As a first-generation college student who grew up in a time where technology classes were seen as “for the boys,” Carrasquilla is no stranger to the importance of having female mentors and role models in STEM. She wants girls in high school and younger to see careers in STEM as attainable and something they can achieve if they’re interested.

“We see similar issues with women in technology (in the U.S.), but the stakes are a lot higher in Kenya where it’s not expected for girls to get an education,” Carrasquilla said. “It’s not championed, but it should be an option if they feel like it’s right for them.”

Primary school only recently became free in Kenya, and secondary school still requires tuition. Families there often encourage girls to get married or take on household work rather than pay for them to attend secondary school.

But the AIC Moi Girls Secondary School is a special case for high schools in Kenya. The girls-only, private boarding school receives government funding to focus on STEM education.

Silantoi leads after-school computer clubs at AIC Moi Girls Secondary School and at other schools in the area where she has been meeting and talking with the girls about computer networking and cybersecurity. She brought in Carrasquilla to show them a different aspect of technology.

Apps with impact

Silantoi uses a similar boot camp formula that Carrasquilla applies in her Arizona-based outreach activities to generate interest in computer technology fields.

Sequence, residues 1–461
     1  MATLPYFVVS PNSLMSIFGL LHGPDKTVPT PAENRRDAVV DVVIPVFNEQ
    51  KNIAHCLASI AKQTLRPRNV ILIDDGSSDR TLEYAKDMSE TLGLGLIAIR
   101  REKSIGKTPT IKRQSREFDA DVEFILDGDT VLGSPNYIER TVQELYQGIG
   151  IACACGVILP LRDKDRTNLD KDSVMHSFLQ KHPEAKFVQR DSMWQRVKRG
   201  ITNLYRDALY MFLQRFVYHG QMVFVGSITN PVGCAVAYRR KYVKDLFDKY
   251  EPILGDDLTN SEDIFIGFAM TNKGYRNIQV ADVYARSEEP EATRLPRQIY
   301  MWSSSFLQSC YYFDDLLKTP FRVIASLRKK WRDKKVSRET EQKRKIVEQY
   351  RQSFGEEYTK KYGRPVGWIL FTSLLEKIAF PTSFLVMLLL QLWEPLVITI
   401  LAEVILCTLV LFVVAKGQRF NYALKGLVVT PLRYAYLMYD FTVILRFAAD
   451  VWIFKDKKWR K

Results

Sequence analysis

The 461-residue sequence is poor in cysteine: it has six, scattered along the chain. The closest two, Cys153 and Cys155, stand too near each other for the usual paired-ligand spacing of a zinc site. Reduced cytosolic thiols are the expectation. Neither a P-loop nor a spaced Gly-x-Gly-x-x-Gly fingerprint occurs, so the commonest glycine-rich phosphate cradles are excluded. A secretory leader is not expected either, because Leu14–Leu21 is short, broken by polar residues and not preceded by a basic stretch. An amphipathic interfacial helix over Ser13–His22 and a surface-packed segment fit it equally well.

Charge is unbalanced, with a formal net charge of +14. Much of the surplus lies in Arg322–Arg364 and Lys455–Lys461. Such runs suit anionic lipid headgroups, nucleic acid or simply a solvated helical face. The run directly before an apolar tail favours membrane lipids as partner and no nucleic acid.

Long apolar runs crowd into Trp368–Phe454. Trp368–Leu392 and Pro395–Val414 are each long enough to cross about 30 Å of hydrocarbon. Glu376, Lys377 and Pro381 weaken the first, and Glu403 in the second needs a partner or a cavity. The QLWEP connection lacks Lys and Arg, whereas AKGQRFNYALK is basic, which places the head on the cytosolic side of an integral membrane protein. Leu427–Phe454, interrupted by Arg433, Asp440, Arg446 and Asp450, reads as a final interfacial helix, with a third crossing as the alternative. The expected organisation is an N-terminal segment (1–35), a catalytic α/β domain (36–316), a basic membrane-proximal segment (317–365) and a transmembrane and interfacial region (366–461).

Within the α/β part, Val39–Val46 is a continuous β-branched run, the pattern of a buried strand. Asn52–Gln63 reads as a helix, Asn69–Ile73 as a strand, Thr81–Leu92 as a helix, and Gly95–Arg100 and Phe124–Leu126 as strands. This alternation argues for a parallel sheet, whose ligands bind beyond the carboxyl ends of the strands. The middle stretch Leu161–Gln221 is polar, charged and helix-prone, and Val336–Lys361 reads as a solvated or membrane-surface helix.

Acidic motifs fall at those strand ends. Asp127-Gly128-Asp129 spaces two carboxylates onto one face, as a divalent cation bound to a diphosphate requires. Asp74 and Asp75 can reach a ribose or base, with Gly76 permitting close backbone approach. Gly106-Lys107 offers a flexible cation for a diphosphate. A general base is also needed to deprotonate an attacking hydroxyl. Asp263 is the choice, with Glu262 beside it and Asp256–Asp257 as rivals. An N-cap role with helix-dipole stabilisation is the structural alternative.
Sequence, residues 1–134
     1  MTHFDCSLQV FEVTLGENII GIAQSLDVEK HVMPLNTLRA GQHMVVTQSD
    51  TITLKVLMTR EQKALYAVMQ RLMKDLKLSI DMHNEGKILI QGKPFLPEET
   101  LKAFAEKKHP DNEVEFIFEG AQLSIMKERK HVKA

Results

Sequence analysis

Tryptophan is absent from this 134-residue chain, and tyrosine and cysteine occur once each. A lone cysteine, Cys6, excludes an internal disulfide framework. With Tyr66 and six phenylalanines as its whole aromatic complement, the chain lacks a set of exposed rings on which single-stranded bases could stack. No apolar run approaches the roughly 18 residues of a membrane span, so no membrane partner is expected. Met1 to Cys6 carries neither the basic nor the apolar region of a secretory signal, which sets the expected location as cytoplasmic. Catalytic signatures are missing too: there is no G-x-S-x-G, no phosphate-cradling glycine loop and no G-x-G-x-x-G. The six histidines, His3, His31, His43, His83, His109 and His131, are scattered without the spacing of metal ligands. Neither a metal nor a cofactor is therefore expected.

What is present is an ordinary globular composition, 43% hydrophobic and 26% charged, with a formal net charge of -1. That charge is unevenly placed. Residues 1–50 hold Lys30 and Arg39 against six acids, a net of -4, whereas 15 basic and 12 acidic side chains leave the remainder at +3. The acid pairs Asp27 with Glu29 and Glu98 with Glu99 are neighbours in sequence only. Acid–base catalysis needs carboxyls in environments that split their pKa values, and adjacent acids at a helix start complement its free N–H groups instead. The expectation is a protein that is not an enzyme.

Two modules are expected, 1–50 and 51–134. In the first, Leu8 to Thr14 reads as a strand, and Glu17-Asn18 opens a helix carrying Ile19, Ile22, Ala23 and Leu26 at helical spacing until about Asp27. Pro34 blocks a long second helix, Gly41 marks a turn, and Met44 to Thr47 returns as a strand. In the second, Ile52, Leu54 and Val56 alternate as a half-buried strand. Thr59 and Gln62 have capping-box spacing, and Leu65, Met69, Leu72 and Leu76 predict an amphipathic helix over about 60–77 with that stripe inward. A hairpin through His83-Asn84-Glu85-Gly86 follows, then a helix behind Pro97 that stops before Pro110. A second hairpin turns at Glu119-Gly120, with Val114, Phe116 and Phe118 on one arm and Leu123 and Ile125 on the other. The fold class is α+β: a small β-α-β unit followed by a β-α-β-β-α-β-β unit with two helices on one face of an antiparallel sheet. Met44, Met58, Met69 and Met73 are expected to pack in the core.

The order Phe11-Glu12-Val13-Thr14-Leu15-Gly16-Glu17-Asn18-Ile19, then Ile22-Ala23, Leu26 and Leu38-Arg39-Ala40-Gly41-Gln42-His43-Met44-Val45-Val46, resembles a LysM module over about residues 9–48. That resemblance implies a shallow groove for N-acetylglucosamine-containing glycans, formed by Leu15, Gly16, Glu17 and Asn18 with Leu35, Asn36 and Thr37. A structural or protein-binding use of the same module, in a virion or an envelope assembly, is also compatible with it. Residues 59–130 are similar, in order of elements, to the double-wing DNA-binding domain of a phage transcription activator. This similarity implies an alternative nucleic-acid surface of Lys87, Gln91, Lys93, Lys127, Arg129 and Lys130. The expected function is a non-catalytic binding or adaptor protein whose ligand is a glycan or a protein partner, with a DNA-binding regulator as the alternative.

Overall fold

Carrasquilla brought the ASU design thinking course techniques she teaches in The Polytechnic School and translated them for a high school app-building boot camp.

“Apps are a really accessible way to understand what technology does and can do,” Carrasquilla said. “We do paper prototyping to gain concepts of digital workflow, and we look at the logic behind the apps we were making.”

Part of this prototyping involves thinking about what happens when the user interacts with particular features.

Though we often think of apps as being games, entertainment or sources of information, they can also help solve problems the app developers see in their communities. The girls in Kenya didn’t shy away from bringing up big issues they could help address with their apps: corruption, female genital mutilation, early marriages, public health and girls’ education.

Silantoi worked with the high school students to successfully develop a female genital mutilation alert app that alerts authorities of imminent incidences of the illegal practice. The fully functioning app has inspired the girls to see what they can accomplish with technology.

“It’s empowering for them to know they can make a difference,” Carrasquilla said.